First, this book reminds us that there is a childlikeness in all of us even if we grow old. I learn long time ago that there is an impending second childhood when one grows old. Now, I believe that there are more than two childhoods simply because this childhood never really goes away. One can suppress it. One can try to inhibit it but one can never eradicate it completely. For to do so would be deleting a part of us. Remember that Jesus calls us children? That must be for a reason.

Second, in a world of progress that is defined by scientific advancement and technological prowess, we need to learn to appreciate life and creation for what it is. Enjoy nature. Appreciate the simple things in life. Do not be fixated by machines and the kinds of manufactured brilliance to the point that we forget the most beautiful things in life are also the most simple. In fact, a lot of created things in life are due to proper observance of the natural world we live in.

Third, the stories of arts and creativity in the book give readers a renewed hope that art in itself is not necessarily a path toward poverty. See the creative giants like Jim Henson, whose puppetry ideas have charmed children all over the world in the Muppet Show. Remember Theodor Geisel who created the Mr Seuss cartoon character? What about Shigeru Miyamoto, where people easily remember his design and games at Nintendo?

Fourth, this book is not simply talking about creativity, it is also speaking to the creativity inside us. Wake up! Pick up your creative energies and create something! This is that sign that makes this book worth reading, buying, and gifting it to friends. When the reading of this book awakens the child in us, when the pondering of the ideas triggers the inner desire to want to create, to admire creation, and to be creative, this book would have been worth more than the sticker price. There is no price tag for creativity, for creativity in itself is priceless.

Finally, there is no need to dig too deeply for a reason just to enjoy art. Just admire or appreciate art for what it is. If we can do that, we will be better at appreciating life what what it is. That way, enjoying art becomes a metaphor for enjoying life.

Rating: 5 stars of 5.


This book is provided to me free by Moody Publishers without any obligation for a positive review. All opinions offered above are mine unless otherwise stated or implied.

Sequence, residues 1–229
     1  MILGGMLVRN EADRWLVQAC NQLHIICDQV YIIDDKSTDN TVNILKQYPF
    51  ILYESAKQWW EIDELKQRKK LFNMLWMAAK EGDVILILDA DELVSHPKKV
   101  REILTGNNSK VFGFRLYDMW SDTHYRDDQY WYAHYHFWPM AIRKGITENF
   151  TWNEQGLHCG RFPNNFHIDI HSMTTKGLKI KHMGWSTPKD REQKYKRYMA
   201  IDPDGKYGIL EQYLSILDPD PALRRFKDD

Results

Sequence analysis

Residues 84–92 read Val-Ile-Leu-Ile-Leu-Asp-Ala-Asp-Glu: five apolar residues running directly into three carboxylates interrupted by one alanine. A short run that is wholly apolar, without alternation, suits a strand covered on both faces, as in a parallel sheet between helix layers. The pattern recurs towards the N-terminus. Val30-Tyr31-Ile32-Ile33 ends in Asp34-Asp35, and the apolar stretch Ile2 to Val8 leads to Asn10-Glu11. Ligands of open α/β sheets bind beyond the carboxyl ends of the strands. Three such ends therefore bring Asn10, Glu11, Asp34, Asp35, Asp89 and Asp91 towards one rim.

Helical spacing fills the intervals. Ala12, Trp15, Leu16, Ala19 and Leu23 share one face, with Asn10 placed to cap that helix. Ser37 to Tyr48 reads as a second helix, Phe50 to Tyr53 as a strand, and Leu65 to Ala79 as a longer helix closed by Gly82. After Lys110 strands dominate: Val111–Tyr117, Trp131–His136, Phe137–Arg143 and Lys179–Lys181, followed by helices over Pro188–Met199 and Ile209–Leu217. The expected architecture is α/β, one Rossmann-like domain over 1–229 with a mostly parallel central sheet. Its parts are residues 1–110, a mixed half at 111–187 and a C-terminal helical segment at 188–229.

Friday, December 13, 2013

"Evil Did Not Win"

It has been a year since the Sandy Hook killings where 20 children and 6 adults were gunned down in what is America's second worst massacre. Tomorrow (December 14th) is the first anniversary of that fateful day. The questions remained. Why did the gunman did what he did? Why must innocent little children die? Why must loved ones suffer? Perhaps, one of the biggest questions is: Did evil win? The mother of Emilie in this video answers it with an emphatic: "Evil did not win."

It is a touching gesture that shows the world that in the midst of much hatred, violence, and ill-will, we can still choose to love.


Wednesday, December 11, 2013

Midweek Meditation: Christmas Joy


"There is an inescapable logic in the Christmas message: we experience joy, quite simply, in self-surrender, in giving up our lives. Joy calls for renunciation. (Ladislaus Boros, 1927-1981)

Monday, December 09, 2013

BookPastor >> "Vertical Church"

This review was first published Sep 3rd, 2013 at Panorama of a Book Saint.


TITLE: Vertical Church: What Every Heart Longs for. What Every Church Can Be.
AUTHOR: James MacDonald
PUBLISHER: Colorado Springs, CO: David C. Cook, 2012, (320 pages).

What is Church about? Why do we go to Church in the first place? Is it about men meeting one another's needs? Or is it about people pointing one another to the true Giver of all things, the Helper of all help? In a book that has received multiple endorsements by many different church leaders, this book aims to shake us back to the fundamentals of faith, and church going. We must be reminded what is the chief goal of men, not to magnify our needs or to amplify our human lack, but to glorify God.

If a Church is to truly be the Church of God, it cannot be constantly focused on the meeting of needs, meeting desperate people,or focusing constantly on horizontal level matters such as management, leadership, Church strategies, problem-solving, caring etc. These things are important, but the moment the Church loses its transcendental and eternity perspective, it is not becoming of the true Church of God. MacDonald is compelling:

"We are taught to study our culture and contextualize the message to fit the uniqueness of the mass we seek to minister to. Is this helpful, or has it taken us off track? Is the church to be about scratching the minutiae of our unique itches, or is it about filling the vacuum of universal commonality installed in us by God?"